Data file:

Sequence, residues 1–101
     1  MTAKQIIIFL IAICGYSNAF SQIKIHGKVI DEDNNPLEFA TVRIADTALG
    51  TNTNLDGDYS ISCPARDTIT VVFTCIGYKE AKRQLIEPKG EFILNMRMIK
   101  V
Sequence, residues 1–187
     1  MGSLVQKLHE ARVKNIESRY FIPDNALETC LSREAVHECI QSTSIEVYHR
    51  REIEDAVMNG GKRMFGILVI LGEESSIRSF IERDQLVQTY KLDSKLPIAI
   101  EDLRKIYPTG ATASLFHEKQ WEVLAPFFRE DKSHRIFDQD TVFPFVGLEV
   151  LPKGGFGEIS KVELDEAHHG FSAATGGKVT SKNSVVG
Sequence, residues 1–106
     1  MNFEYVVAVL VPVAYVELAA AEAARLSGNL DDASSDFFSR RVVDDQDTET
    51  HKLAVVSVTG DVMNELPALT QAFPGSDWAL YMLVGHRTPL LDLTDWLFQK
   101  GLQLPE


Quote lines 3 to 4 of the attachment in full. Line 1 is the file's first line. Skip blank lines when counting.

    51  TNTNLDGDYS ISCPARDTIT VVFTCIGYKE AKRQLIEPKG EFILNMRMIK
   101  V